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What's the difference between the two?

  1. She crafted the bookcase out of solid pine wood and then painted it.
  2. She crafted the bookcase of solid pine wood and then painted it.
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We use of when it is obvious what substance has been used to make something:

This little doll is made of wood.

We use out of when we emphasize the substance from which something is made:

This little doll is made out of wood, not plastic.

So, both of your sentences are correct. But the accent is on different things:

She crafted the bookcase out of solid pine wood and then painted it. (it was solid pine! whether you are "excited" about the use of pine wood or the fact that it's solid depends on the context)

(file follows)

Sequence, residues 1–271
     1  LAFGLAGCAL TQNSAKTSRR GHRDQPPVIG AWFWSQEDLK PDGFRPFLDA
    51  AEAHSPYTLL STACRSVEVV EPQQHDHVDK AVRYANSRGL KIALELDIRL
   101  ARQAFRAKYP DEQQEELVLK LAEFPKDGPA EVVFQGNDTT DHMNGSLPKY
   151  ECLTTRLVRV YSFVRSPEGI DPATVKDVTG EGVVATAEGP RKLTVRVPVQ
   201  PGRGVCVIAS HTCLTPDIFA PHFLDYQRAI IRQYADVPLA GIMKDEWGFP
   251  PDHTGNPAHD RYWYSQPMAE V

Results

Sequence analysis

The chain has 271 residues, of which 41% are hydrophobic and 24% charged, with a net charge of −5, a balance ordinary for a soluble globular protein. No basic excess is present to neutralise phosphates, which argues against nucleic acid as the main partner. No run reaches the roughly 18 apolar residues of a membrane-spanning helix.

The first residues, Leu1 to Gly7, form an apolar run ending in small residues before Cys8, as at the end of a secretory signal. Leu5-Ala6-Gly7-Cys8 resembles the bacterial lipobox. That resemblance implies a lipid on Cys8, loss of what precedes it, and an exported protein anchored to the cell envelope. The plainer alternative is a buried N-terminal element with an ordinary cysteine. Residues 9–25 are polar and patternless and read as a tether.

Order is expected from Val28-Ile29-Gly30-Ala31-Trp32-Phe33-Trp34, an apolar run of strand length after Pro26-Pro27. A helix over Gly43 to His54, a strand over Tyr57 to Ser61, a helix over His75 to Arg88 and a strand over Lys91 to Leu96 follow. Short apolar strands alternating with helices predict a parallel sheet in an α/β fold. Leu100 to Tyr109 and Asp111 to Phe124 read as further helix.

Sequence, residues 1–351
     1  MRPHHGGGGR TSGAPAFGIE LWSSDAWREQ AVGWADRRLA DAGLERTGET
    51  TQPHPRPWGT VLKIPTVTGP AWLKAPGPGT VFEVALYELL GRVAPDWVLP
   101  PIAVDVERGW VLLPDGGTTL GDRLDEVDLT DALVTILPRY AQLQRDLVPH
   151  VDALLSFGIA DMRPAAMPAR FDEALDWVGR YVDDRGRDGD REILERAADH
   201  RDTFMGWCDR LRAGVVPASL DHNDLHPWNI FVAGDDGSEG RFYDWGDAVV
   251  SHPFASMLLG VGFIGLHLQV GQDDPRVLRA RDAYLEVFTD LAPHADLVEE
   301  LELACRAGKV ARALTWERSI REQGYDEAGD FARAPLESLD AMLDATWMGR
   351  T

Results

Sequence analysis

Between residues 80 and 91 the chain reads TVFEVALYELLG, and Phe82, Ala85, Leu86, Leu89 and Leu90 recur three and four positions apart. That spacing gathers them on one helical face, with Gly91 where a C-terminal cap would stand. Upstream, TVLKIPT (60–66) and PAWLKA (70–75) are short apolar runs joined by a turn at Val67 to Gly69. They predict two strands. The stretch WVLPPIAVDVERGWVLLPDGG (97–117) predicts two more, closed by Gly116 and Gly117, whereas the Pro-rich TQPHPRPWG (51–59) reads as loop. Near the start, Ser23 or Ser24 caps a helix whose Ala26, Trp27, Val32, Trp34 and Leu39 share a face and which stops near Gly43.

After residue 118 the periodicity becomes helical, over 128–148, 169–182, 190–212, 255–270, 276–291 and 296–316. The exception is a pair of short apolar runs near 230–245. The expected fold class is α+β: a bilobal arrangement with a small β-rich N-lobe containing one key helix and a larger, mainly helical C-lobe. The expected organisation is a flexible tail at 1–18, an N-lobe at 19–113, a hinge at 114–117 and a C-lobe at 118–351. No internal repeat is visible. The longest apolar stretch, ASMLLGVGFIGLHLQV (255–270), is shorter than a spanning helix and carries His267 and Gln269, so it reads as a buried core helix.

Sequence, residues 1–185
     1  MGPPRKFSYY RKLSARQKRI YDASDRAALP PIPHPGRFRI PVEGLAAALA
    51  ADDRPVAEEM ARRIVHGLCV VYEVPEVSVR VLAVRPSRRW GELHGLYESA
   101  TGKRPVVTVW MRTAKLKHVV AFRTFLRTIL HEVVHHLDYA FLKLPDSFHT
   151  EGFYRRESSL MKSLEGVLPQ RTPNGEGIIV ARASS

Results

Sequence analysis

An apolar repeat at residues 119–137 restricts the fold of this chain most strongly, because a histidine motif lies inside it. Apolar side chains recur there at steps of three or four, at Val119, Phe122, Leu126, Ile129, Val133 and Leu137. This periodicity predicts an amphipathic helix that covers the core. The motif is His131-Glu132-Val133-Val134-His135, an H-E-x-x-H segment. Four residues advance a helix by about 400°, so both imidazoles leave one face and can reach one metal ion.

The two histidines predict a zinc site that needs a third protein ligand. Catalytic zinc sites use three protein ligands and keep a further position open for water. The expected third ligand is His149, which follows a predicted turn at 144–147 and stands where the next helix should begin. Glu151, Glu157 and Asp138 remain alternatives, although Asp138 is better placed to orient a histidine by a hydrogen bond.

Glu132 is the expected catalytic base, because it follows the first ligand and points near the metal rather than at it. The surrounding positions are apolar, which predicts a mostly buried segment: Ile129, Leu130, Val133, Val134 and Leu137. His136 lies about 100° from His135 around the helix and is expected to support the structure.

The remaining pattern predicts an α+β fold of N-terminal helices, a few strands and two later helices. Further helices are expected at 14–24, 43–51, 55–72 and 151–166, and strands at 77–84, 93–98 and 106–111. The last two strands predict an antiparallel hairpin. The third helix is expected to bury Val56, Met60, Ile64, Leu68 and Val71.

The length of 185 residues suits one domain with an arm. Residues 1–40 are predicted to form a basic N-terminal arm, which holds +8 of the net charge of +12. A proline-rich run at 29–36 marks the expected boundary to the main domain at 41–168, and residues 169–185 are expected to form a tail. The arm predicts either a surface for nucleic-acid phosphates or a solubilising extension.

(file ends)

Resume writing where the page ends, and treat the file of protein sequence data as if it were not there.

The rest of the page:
She crafted the bookcase of solid pine wood and then painted it. (it's just a fact, solid pine wood is a basic material used)

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Both are acceptable, as would be

  1. She crafted the bookcase from solid pine wood and then painted it.

A minor difference in connotation is that from and out of draw attention to the material used, solid pine, whereas just of places a bit less emophasis on material.

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